My relationship with Barnes & Noble is fraught with emotion simply because it is a big bookstore, among other things.  And I am one of those types—an inveterate reader—who is easily hooked.  I was once embarrassed when a lady told me that she had caught herself reading soup-can labels: As one who had done the same, I managed to keep a straight face and not to volunteer any such truth about myself.  Why confess precipitately when the truth might come in handy later on?  In the meanwhile, I am rather like a drug addict just pretending to be looking for some aspirin.

Now that I have attained to a somehow youthful state of Old Age, I have discovered all sorts opportunities and challenges, and many of these are at Barnes & Noble, as they used to be at the disappeared Borders.  There is the problem of the collapse of the recorded music industry, particularly as far as classical music is concerned, so that today even a mega bookstore has little to offer in the way of compact discs.  And there are other such problems, one of which was instituted by Barnes & Noble itself: The magazines for sale are also offered for reading on the spot, with a comfortable bench as well.  But why would the inquisitive reader buy a magazine when he can read it on the spot?  And there are magazines that appeal to many levels of curiosity and fascination.  There are magazines for women and for men, and even some for both.  It’s not hard to imagine the degree to which magazines are aimed at the indulgence of fantasy.  Rarely if ever have I seen a woman pick up a magazine about guns, or about exotic automobiles, or about golf, though they are perfectly welcome to do so.  But however that may be, fictions are not the only fantasies that are indulged in print.

So before I address my topic of a thoughtful music magazine I found at Barnes & Noble, let me defer that specificity to insist on a more general point.  An odd transformation has occurred in the publishing industry, which may be defined as the morphing of bookish topics into magazine subjects.  If you are interested in the American Civil War or the Second World War, there are many books to supply your store of information and interpretation.  Yes, but now there are also monthly magazines devoted to such historical topics.  And there are many magazines devoted to many other surprising topics.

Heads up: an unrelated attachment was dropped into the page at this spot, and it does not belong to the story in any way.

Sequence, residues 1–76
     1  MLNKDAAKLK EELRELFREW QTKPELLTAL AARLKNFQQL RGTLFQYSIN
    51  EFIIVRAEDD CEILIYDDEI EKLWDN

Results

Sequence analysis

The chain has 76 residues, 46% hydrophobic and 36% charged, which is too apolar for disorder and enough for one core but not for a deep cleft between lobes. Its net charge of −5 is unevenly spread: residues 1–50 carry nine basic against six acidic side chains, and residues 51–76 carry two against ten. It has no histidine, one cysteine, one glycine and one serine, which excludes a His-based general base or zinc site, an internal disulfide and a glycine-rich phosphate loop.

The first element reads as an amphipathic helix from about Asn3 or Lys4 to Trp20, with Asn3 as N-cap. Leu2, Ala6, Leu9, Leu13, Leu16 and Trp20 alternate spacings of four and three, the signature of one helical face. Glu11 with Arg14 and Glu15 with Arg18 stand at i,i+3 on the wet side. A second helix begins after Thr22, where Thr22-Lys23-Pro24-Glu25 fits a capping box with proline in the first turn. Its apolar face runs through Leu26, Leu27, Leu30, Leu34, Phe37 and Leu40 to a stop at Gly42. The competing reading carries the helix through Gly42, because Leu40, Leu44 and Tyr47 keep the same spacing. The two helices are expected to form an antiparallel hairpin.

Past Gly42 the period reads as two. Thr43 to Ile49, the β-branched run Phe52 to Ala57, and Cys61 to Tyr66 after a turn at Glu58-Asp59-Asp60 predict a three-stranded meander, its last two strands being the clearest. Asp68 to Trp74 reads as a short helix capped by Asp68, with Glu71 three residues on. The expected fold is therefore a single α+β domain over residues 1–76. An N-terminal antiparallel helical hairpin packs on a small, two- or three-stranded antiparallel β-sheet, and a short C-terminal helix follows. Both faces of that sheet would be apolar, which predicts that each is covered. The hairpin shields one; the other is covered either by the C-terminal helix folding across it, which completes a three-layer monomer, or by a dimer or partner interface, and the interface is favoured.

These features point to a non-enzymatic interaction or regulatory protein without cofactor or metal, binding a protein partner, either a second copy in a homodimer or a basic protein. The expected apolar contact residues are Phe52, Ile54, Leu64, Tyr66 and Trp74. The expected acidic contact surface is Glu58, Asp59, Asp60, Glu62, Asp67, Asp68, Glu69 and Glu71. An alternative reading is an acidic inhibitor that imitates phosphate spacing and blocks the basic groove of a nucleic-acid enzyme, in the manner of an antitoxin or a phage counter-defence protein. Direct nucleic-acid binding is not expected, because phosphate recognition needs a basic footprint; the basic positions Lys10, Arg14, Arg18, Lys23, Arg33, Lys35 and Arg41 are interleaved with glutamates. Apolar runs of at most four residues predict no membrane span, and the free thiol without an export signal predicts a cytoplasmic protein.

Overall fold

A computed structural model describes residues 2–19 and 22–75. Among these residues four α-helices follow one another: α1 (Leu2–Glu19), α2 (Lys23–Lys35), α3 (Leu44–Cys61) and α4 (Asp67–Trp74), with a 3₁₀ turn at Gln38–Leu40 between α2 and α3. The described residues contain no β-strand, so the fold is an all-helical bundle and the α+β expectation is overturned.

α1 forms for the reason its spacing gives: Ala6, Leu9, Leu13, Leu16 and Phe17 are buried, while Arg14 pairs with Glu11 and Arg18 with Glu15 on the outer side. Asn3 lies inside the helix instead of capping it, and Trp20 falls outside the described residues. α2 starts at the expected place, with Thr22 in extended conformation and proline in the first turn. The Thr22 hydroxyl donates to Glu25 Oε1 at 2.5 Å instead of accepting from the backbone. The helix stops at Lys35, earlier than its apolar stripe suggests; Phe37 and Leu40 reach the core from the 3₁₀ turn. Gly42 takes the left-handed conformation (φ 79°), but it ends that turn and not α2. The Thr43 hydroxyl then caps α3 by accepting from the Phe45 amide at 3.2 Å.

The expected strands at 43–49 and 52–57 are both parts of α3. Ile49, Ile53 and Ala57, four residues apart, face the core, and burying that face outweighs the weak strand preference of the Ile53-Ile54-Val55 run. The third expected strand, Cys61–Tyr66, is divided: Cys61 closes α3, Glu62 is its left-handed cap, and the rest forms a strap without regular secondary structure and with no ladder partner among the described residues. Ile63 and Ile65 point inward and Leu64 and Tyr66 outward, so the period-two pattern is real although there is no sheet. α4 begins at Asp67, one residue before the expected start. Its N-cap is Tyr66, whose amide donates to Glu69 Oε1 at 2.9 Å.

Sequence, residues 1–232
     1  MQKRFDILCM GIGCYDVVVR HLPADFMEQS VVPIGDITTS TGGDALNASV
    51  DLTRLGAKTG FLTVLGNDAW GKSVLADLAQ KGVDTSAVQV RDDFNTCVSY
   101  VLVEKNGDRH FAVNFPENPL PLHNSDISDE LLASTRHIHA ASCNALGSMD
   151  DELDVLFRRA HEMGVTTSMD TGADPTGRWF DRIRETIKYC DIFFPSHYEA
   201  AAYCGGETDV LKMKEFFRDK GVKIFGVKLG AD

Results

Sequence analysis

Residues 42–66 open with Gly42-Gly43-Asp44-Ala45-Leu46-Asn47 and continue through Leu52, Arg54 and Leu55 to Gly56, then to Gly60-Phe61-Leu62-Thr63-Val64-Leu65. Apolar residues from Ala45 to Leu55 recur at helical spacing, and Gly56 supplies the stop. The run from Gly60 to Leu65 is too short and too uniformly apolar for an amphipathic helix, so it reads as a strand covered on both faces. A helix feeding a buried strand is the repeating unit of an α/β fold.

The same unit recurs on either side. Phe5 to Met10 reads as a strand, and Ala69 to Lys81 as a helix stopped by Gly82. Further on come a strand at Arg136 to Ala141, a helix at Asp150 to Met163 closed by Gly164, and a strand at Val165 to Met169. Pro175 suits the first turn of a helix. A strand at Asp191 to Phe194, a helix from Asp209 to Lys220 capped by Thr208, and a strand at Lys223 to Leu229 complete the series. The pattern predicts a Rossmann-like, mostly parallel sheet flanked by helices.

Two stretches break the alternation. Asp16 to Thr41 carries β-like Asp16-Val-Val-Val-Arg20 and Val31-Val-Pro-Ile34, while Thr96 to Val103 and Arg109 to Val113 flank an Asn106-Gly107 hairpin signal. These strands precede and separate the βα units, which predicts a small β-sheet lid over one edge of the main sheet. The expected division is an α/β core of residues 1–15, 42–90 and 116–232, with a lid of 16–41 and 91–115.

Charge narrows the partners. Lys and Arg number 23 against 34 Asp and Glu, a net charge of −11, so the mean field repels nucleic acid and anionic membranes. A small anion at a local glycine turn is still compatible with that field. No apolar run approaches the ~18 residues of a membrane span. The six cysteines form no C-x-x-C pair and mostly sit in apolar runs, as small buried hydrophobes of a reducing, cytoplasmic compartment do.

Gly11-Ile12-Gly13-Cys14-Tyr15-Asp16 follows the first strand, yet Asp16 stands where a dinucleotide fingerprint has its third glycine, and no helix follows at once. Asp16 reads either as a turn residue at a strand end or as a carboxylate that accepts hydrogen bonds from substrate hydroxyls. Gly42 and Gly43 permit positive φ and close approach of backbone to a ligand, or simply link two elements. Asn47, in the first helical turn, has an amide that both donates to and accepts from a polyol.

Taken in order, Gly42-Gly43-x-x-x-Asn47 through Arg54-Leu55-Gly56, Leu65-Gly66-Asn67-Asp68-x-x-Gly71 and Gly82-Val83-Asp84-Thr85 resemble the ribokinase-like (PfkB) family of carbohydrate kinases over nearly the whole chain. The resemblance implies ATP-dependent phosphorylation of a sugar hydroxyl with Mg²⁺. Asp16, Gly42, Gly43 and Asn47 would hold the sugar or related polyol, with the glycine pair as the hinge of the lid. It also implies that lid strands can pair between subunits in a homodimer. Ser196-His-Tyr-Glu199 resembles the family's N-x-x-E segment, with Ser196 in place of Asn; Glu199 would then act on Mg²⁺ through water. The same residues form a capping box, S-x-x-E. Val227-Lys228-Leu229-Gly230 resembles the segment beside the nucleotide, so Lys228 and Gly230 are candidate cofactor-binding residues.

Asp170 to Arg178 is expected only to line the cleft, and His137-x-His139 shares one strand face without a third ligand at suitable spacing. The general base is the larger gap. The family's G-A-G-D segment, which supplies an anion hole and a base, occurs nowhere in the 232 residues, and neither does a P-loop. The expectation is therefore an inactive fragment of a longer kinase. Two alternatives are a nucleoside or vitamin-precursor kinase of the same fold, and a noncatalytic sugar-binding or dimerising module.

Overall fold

Now I was not surprised, the last time I was in Barnes & Noble, to see that they had several copies of the latest Chronicles—not surprised because a certain well-read lady, an editor and professor of English herself, had told me that Chronicles was the best-written magazine that she knew of.  Otherwise, I could not reasonably expect to see magazines about classical music because these had been eliminated by Barnes & Noble itself—they didn’t stock Gramophone or BBC Music Magazine or other such magazines any more.  But what they did present was Opera Now, with a striking cover photo of Ermonela Jaho.  I have to admit that Ermonela was the sort of lady who clinched the deal—and that was without singing a note.  I bought my copy altogether unread, as was justified upon examination—this American yahoo was convinced by the Albanian Jaho.

But when I did read the magazine, what I discovered was that Opera Now is not only a magazine about operatic productions, but also a promoter of, or at any rate a guide to, festivals on a global scale.  When I say “global,” I mean just that.  Inside the back cover, we find an announcement from the National Centre for the Performing Arts of Beijing.  I believe I noticed three operas by contemporary Chinese composers, three by Verdi, two by Rossini, and so on.  This festival—a matter of national policy—reminded me of the old saying that the only thing as expensive as opera is war.  And it also reminded me that opera has been for four centuries a matter of cultural prestige and even political assertion.